The high price of education and data in SA
Findings by the FinScope consumer survey suggest that black consumers are most heavily burdened.
FILE PICTURE: Vaal University of Technology students prevent staff members from entering the campus, demanding more money from the National Student Financial Aid Scheme (NSFAS), 3 September 2014. NSFAS is a government student loan and bursary scheme. Some claim they have not received any funds for the past three months. Picture: Nigel Sibanda
In the wake of the #DataMustFall campaign, it seems that the data revolution might have a valid and legitimate plea. The campaign founders made a presentation before the Parliamentary Communications and Postal Committee on September 21 on the costs of data in the country. According to the soon-to-be launched findings of the FinScope South Africa 2016 consumer survey, the results show that the average South African spends about 9% of their purse on airtime and data recharge, cellphone contracts, telephone lines and internet payments. The average person spends about R700 a month for communication-related expenses.
Parallel to the #DataMustFall campaign, which is gaining traction, is the #FeesMustFall (reloaded) campaign, which is also resurfacing in light of the announcement of an up to 8% fee increase made by the Higher Education Minister Blade Nzimande. While university students would like to see a 0% increase, universities are requesting increases to sustain operations and fund research.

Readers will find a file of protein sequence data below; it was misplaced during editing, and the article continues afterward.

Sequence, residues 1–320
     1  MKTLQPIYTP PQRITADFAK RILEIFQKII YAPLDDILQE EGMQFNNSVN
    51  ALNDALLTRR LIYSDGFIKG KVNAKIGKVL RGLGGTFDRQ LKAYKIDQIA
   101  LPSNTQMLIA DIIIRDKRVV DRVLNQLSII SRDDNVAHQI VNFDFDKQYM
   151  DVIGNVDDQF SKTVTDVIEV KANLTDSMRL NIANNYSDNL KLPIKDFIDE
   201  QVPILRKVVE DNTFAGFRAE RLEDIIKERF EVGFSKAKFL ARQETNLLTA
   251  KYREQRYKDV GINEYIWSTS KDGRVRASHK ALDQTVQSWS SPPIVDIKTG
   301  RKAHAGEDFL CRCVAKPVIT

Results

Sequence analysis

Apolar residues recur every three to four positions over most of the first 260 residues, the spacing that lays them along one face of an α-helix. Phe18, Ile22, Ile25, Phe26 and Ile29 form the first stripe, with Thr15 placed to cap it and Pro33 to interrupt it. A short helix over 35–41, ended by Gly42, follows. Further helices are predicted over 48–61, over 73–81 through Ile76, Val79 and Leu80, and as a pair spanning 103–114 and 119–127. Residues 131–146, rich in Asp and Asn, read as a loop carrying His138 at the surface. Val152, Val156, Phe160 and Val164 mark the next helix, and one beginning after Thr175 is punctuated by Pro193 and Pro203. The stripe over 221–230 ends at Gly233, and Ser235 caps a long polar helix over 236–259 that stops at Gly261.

Therefore, in light of these developments and expenses, how does the purse of the South African consumer fare? The preliminary results of the FinScope 2016 survey shows that South Africans spend R688 per month on average on education.
The FinScope findings further show that South Africa’s total personal monthly consumption (PMC) expenditure in 2016 is estimated at R220 billion (monthly). On a monthly basis, the average individual spent about R5 400 during the period of conducting the FinScope 2016 survey. The results show that the main components of expenditure are on food (21%), transport (11%), utilities (11%) and communication, which amount to 9% of the spending purse.
Overall, individuals’ spending on education is 6% of their purse (estimated monthly spend of R12.2 billion). Further demographic analysis of the data per race showed that black communities still bear the greatest brunt of the education costs. For the average black South African, education expenses constitute 7% of their purse – this is higher compared with other races, for which the purse composition for coloured, Asian, Indian and whites are at an average of 4.3% of their purse.
Furthermore, as one analyses the data further, it shows that nearly 12 million black South Africans spend more than 10% of their purse on education-related expenses. This is further exacerbated when noting that the average income per month is R4 723, R6 294, R12 265 and R17 123 for black, coloured, Indian and white South Africans respectively. As such, the cost of education places a heavier burden on black South Africans.